Venture Capital Funding

Venture Capital Groups

Should your SMB pursue venture capital groups or angel investors? It might not seem like a big deal, but it's a distinction that can have major ramifications for your company.

Startup and growing small businesses need adequate funding to succeed.

The resources that are available from friends and family members are limited (usually < $100k), leaving SMB entrepreneurs scrambling to find other investors willing to participate in the company's future.

The two most common forms of investors small business owners pursue are angel investors and venture capital groups. In the right scenario, each of these types of investors can play a game-changing role in the life of a promising small business venture.

But while entrepreneurs sometimes think of these types of investors synonymously, there are actually some important differences between angel investors and venture capital groups. Understanding those differences is key to attracting the attention of the right type of investor and to enjoying a successful relationship with your investment partners.

  • Funding Stages. Angel investors commonly invest in businesses during the startup stage, providing funding for new SMBs that may find it difficult to raise adequate capital through financing or family members. Venture capital groups, on the other hand, usually avoid funding startups. They prefer to fund businesses that are already off the ground and poised for explosive growth.
  • Source of Funds. Venture capital groups pool the funds of multiple venture capitalists who may or may not materially participate in the management of the companies they fund. Although angel investor networks function in a similar way, the majority of angel investors are individuals who take a personal interest in each of the companies they fund.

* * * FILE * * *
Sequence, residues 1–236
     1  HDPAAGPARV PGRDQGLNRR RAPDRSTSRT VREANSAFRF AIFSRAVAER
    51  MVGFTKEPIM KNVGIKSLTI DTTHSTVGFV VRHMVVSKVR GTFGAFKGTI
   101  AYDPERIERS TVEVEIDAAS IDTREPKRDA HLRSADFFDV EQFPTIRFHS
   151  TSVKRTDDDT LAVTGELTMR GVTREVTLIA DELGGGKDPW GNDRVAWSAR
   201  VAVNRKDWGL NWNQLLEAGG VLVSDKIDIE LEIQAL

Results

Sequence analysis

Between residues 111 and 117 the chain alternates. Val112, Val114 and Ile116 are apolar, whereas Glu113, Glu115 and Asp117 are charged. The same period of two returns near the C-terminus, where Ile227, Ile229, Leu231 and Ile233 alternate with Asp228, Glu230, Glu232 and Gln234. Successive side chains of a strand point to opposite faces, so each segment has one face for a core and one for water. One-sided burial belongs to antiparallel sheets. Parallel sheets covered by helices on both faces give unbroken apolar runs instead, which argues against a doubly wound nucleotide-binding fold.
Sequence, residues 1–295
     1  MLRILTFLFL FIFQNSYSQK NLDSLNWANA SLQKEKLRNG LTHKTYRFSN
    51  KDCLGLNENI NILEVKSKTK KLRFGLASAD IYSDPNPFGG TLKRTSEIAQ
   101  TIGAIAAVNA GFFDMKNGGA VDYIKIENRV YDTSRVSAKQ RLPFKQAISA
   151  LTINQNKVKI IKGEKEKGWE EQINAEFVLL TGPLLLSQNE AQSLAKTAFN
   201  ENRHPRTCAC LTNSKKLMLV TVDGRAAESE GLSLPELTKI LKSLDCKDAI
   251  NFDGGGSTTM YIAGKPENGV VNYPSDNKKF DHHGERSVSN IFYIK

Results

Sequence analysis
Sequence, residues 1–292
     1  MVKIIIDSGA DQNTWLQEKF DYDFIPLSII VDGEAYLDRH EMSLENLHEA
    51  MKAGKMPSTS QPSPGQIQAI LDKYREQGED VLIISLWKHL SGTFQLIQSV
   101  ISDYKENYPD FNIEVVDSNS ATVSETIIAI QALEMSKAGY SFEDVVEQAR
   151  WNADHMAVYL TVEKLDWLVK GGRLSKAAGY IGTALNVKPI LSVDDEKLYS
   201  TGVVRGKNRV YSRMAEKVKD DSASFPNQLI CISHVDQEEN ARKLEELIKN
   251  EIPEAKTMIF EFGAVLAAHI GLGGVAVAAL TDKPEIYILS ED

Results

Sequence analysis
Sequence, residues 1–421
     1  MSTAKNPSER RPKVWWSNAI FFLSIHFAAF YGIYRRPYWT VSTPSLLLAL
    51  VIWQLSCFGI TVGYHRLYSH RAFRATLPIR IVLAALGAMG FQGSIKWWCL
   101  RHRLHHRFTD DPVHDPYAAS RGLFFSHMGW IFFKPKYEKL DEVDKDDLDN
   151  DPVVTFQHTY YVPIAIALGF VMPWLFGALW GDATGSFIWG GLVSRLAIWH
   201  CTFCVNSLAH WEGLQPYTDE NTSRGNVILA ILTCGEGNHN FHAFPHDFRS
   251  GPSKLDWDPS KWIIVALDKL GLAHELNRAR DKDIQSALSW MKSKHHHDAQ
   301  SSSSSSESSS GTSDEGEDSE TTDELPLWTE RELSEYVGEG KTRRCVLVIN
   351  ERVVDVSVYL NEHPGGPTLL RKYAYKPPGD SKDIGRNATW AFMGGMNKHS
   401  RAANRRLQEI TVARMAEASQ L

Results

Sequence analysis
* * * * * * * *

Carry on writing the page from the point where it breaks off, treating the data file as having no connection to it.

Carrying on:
• Exit Strategies. Both venture capital groups and angel investors take an equity stake in the company and develop exit strategies that allow them to earn a profit on their investments. These exit strategies are often executed through an IPO, company acquisition or equity buyout. But because they fund different stages in the life of the company, it's not uncommon for angel investors to exit the business before later investment rounds to avoid dilution.
  • Working Relationships. Angel investors and venture capital groups contribute expertise to the companies they represent. However, when you work with an angel investor, the expertise is limited to a single individual. With a venture capital group, you may have access to a range of proven business professionals with diverse backgrounds and multiple areas of expertise.

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